Mayor Walsh used his press conference on Tuesday to warn Bostonians against letting their guards down in the struggle to contain the COVID-19 virus amid a slight rise in reported cases in Massachusetts and more stringent restrictions for people who travel here from outside of the region.
“If we think we’re winding down with COVID-19, we’re not,” the mayor told reporters outside City Hall. “If we think of it like a sporting event, we’re probably at half-time which means we’ve got another 6, 7, 8, or 9 months to go. So, we still have to be very careful.”
As of Tuesday, coronavirus cases in the city have reached a total of 14,022, with 10,090 recoveries and 727 deaths. Walsh said that 51 new cases — and a single death— were reported in Boston on Monday, a cumulative number that included Saturday and Sunday.
State public health officials reported 182 new cases on Monday and announced the recent deaths of 7 people with the disease, raising the state’s cumulative caseload to 108,562 and increasing the death toll to about 8,320. When also counting people who have probably died from the virus, the death count is close to 8,540 since March 20.
Monday’s report from the Department of Public Health also showed that the number of people hospitalized with COVID dropped by 14 to 350 as of midday Monday. In late April, there were more than 10 times that number hospitalized in Massachusetts with the respiratory disease.
Still, there were nearly 500 new cases confirmed in Massachusetts over the weekend and the percentage of tests that are coming back positive is rising. The number of daily new cases, which had settled at fewer than 200 a day earlier in the month, has been above 200 each of the last four days.
“I’m going to repeat what we’ve been repeating,” Walsh said. “People need to socially distance, avoid large crowds, in-person gatherings or parties… Also we’re asking that people avoid being outside during the heat wave.”
The mayor urged Bostonians to refrain from hosting in-person birthday parties or cookouts. “Be very careful, you don’t want to see outbreaks of COVID in your yards or in city parks; that’s another reason why we are not going to be having parades in the city in the summer or the fall.”
“It amazes me that there are some elected officials in the country that are still refusing to wear a face mask and talk about the importance of them,” Walsh said. “In Boston, when we reopen it doesn’t mean we are relaxing any of the precautions we have in place. We don’t want to start going backwards.”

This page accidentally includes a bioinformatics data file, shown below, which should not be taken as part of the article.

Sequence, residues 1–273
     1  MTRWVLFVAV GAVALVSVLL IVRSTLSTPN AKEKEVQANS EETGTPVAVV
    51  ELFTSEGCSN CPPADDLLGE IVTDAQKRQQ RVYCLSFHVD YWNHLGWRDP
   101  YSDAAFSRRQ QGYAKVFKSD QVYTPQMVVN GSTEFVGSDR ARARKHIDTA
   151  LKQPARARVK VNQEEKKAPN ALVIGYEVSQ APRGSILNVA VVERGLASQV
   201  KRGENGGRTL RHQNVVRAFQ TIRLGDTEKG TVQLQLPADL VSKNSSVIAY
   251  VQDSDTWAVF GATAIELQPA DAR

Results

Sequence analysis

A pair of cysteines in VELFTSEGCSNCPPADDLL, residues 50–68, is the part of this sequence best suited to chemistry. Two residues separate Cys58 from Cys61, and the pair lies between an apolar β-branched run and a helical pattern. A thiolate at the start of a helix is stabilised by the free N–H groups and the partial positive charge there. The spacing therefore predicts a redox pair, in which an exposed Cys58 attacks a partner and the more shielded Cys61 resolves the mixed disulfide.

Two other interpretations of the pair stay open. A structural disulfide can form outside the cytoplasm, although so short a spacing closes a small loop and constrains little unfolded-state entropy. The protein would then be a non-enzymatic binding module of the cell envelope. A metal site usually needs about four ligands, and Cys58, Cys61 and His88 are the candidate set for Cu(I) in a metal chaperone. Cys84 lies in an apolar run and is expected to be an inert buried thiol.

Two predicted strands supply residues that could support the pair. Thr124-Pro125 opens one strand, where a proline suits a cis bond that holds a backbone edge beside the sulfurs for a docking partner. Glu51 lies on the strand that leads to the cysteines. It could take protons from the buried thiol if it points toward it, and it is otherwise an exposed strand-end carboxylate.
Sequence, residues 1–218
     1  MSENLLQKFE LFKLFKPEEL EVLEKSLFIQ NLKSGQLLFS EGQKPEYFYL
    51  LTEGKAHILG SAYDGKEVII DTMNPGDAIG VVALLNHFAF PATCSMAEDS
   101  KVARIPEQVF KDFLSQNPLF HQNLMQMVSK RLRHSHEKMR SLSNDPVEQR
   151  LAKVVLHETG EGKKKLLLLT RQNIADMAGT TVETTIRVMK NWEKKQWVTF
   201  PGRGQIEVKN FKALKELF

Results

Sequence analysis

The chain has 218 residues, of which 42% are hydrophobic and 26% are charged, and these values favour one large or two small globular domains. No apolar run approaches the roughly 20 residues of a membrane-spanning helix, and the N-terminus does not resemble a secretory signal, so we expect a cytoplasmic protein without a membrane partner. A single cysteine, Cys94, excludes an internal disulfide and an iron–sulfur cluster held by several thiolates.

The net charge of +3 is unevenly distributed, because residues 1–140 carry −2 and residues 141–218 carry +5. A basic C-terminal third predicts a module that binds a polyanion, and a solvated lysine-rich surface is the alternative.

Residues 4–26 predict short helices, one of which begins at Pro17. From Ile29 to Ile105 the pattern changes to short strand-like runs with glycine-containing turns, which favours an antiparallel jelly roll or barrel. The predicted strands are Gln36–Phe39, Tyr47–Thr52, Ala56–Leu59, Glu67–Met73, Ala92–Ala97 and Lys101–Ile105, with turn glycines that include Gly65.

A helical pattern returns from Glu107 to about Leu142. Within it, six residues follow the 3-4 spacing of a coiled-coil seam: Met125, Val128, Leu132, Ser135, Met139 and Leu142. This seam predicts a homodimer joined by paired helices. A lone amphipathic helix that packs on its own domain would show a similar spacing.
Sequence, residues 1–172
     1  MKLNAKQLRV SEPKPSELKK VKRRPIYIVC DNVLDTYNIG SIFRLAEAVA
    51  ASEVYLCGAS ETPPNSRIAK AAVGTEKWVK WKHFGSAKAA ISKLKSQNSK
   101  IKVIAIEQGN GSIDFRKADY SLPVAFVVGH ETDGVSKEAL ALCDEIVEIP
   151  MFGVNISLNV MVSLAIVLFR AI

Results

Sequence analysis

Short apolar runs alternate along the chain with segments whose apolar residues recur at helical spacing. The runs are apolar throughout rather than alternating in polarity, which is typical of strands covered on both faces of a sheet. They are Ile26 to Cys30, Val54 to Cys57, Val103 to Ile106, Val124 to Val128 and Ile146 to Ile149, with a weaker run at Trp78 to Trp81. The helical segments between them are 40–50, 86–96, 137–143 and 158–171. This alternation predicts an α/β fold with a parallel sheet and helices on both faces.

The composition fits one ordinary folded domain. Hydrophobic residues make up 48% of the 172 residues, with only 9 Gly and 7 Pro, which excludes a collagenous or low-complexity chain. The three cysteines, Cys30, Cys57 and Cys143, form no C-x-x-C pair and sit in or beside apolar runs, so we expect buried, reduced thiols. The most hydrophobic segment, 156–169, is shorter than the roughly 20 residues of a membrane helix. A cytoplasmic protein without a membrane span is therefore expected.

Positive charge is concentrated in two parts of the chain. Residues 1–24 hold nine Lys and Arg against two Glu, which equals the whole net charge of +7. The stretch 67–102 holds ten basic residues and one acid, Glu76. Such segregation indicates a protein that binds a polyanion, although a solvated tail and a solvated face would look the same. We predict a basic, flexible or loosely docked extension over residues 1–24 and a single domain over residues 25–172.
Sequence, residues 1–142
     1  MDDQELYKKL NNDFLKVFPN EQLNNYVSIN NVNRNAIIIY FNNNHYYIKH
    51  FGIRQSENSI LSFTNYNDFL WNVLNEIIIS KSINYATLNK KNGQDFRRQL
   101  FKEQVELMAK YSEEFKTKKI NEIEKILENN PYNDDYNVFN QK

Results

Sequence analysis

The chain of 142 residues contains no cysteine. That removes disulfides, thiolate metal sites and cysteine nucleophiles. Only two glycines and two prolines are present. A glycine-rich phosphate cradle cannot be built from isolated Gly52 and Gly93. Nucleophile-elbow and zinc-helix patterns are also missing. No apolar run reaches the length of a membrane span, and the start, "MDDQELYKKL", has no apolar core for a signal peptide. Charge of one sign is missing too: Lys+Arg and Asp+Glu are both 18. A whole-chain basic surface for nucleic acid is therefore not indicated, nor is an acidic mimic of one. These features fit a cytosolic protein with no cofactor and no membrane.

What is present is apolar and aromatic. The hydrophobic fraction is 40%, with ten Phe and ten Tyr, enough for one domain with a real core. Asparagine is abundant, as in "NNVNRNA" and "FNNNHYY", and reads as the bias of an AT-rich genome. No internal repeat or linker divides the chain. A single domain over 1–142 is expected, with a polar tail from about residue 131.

Citing four consecutive days of national COVID-19 death totals above 1,000, he also talked about his concerns about thousands of students who will be flocking to Boston area colleges next month from other parts of the country. He said he is in frequent contact with college and university officials about precautions they are taking, including safe housing options that involve the use of hotels.
Universities need to reach out to neighborhoods that may be affected by student housing changes, said the mayor, who plans to meet this week with college presidents to further discuss their reopening plans. He said he will discuss the importance of knowing immediately about any significant rise in coronavirus cases and how universities plan to adhere to state quarantine orders for students living on and off the campuses.
Last week, Boston Public Schools Superintendent Brenda Cassellius presented a “working’’ plan to the School Committee, detailing three separate setups for the upcoming syear, including a completely virtual format, in-person learning, and a hybrid model of both.
“I want to stress that it’s a draft of the reopening plan,” Walsh said on Tuesday. “BPS is following public health guidelines for reopening schools. They’re been gathering feedback for months via survey, focus groups, and community meetings.
“Right now,” he said, “we are looking at a hybrid model that would assign students into groups and bring them into schools on a rotating basis. That’s what we’re looking at today, but no matter what model is chosen, BPS has fully developed a plan for all remote as well if the cases go up before Sept. 10 or after that.”
“It’s important that if there’s a significant increase in cases, we have a chance to know it and get on top of it immediately,” added Walsh.
“There’s no one size that fits all, but all I know is that on Sept. 10, it will be almost six months to the day that students have not been in the classroom,” he said. “As we get closer to school, based on the science and numbers we’ll determine which option we go forward with.”
Walsh had a few words of encouragement for residents. “No matter how tough it’s getting, I’m asking everyone to remember that we are Bostonians and we are strong,” he said.
“We will get through this. Just think about taking it one day at a time. This, too, shall pass and we will move forward and come out of this stronger than before.”
In Somerville, Mayor Joe Curtatone has taken a slower approach to allow business and social activity to resume. While most of the rest of the state has advanced to Phase 3 of the administration’s plan to open movie theater, gyms and more, Somerville is waiting until at least early next month to permit most of those Phase 3 businesses.
In an interview Sunday with WBZ-TV’s Jon Keller, Curtatone defended his approach and said he has two goals: “to ensure the public health, safety and wellbeing of everyone in our community and also to make sure that in any reopening, that it sustainable.
“As we move forward and as we have been moving forward, we have to commend the governor, his administration, the commonwealth and everyone out there who has done their part to flatten the curve,” he said. “But there are lessons to be learned and there’s data that we should be fully looking at.”
State House News Service reports contributed to this article.